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Clinical Study

Gemcitabine as First-Line Therapy in Patients with Metastatic Breast Cancer: A Phase II Trial

Blackstein M.a · Vogel C.L.c · Ambinder R.d · Cowan J.a · Iglesias J.b · Melemed A.e

Author affiliations

aMount Sinai Hospital, Toronto, bEli Lilly and Company, Toronto, Canada, cSouthpoint Medical Center, Plantation, Fla., dThe Walt Disney Memorial Cancer Institute at Florida Hospital, Orlando, Fla., and eEli Lilly and Company, Indianapolis, Ind., USA

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Oncology 2002;62:2–8

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Article / Publication Details

First-Page Preview
Abstract of Clinical Study

Published online: January 24, 2002
Issue release date: January 2002

Number of Print Pages: 7
Number of Figures: 2
Number of Tables: 4

ISSN: 0030-2414 (Print)
eISSN: 1423-0232 (Online)

For additional information: https://www.karger.com/OCL

Abstract

Objectives: This phase II study was conducted to evaluate the efficacy and safety of gemcitabine in patients with metastatic breast cancer (MBC). Methods: Women with histologically or cytologically confirmed bidimensionally measurable MBC not amendable to curative surgery or radiation were eligible. Prior chemotherapy for metastatic disease was not permitted. Patients received gemcitabine 1,200 mg/m2 on days 1, 8 and 15 for 3 weeks every 28 days for a maximum of 8 cycles. Results: Thirty-nine patients, with a median age of 58 years, were enrolled. The overall response rate for the 35 evaluable patients was 37.1% (95% confidence interval [CI], 21.5–55.1%), with 2 complete responses and 11 partial responses. Median time to progression and survival were 5.1 months (95% CI, 3.5–8.8 months) and 21.1 months (95% CI, 11.0–26.9 months), respectively. Chemotherapy was well tolerated, with a median of 4 cycles completed. Grade 4 toxicities were 1 infection and 1 abnormal pulmonary function. Grade 3 neutropenia and thrombocytopenia occurred in 30.3% and 6.3% of patients, respectively. The most common grade 3 non-hematologic toxicity was nausea/vomiting (10.3%). Five of 21 patients had improved Karnofsky performance status (KPS) scores. Conclusion: Single-agent gemcitabine is active and well tolerated as first-line treatment in patients with MBC.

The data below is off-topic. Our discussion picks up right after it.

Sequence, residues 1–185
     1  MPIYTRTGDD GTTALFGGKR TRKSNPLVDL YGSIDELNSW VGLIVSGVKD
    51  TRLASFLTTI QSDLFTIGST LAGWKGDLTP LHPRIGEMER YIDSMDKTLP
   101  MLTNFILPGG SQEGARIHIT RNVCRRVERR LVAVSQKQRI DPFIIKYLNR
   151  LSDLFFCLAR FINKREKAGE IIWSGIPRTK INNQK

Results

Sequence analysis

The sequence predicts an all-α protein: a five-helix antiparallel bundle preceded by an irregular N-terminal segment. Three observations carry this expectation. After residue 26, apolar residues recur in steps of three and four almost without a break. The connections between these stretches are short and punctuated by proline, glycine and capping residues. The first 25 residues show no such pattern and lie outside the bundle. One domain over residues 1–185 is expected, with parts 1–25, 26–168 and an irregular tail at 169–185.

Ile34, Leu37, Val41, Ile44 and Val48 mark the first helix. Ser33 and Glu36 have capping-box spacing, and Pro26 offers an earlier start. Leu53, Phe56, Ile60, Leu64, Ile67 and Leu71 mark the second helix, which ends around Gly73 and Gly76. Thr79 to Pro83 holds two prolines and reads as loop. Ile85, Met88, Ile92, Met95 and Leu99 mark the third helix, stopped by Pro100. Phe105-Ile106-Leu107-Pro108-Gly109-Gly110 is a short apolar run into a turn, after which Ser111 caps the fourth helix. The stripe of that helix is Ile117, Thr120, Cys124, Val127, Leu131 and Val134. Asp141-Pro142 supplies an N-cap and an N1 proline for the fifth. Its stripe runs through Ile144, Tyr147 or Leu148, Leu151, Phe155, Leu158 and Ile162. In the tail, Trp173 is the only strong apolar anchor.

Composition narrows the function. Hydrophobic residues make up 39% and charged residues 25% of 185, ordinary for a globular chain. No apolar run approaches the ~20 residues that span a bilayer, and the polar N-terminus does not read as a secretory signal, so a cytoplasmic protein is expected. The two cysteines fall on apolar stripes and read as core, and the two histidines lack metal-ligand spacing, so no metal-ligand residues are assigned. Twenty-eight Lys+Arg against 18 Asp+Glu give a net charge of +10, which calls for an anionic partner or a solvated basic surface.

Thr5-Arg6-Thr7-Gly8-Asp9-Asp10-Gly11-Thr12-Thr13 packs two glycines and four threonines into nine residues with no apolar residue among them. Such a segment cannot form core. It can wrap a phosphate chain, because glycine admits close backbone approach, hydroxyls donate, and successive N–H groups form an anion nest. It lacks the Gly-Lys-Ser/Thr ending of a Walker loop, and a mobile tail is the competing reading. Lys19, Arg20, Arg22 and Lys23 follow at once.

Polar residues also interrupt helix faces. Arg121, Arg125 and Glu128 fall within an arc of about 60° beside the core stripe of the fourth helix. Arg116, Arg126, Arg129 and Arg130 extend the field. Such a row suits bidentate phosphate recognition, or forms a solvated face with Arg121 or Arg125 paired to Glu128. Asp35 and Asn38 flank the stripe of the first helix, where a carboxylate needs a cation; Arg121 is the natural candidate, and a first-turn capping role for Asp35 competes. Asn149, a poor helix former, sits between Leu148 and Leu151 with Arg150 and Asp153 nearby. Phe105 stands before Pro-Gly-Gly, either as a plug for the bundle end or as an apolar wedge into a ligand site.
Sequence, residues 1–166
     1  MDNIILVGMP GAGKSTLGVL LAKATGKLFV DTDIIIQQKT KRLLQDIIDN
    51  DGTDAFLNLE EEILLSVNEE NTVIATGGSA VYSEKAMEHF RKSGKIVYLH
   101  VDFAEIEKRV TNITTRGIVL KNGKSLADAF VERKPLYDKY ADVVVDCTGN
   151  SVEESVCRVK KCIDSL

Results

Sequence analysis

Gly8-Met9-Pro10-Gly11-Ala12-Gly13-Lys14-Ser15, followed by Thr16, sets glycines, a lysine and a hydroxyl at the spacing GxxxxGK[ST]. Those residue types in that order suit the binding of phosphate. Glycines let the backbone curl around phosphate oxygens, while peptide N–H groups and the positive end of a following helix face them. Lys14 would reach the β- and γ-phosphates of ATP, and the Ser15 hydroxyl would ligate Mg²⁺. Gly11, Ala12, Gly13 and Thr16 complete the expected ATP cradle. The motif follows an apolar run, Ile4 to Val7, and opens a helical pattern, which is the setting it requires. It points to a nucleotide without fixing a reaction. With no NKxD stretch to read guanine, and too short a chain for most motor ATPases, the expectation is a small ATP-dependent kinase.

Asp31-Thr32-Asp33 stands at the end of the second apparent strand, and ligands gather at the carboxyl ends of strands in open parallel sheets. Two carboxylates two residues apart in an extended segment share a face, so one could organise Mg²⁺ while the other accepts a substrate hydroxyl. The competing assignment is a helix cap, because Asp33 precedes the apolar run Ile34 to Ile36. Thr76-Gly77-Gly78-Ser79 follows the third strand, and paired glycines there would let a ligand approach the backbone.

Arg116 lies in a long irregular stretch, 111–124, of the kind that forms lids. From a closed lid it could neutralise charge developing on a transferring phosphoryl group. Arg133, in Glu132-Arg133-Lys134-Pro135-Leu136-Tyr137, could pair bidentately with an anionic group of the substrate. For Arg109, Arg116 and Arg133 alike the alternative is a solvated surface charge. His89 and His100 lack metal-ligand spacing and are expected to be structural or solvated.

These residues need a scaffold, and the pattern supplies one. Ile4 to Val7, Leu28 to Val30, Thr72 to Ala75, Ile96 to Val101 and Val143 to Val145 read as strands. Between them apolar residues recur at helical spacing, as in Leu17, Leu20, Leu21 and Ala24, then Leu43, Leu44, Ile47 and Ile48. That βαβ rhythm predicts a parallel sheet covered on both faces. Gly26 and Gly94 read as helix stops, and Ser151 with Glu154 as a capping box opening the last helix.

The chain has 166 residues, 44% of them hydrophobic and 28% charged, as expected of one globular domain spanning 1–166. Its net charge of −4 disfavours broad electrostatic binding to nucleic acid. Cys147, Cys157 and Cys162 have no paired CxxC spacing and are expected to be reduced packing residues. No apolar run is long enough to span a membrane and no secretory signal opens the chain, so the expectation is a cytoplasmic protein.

© 2002 S. Karger AG, Basel


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Article / Publication Details

First-Page Preview
Abstract of Clinical Study

Published online: January 24, 2002
Issue release date: January 2002

Number of Print Pages: 7
Number of Figures: 2
Number of Tables: 4

ISSN: 0030-2414 (Print)
eISSN: 1423-0232 (Online)

For additional information: https://www.karger.com/OCL


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Drug Dosage: The authors and the publisher have exerted every effort to ensure that drug selection and dosage set forth in this text are in accord with current recommendations and practice at the time of publication. However, in view of ongoing research, changes in government regulations, and the constant flow of information relating to drug therapy and drug reactions, the reader is urged to check the package insert for each drug for any changes in indications and dosage and for added warnings and precautions. This is particularly important when the recommended agent is a new and/or infrequently employed drug.
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